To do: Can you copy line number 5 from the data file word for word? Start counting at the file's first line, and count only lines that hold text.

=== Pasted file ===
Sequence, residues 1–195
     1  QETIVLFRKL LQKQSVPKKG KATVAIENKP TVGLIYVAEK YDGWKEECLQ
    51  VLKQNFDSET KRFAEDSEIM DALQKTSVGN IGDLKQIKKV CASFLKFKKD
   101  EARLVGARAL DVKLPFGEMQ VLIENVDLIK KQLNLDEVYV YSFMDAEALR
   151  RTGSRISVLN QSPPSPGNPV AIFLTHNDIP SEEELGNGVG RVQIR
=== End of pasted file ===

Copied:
   151  RTGSRISVLN QSPPSPGNPV AIFLTHNDIP SEEELGNGVG RVQIR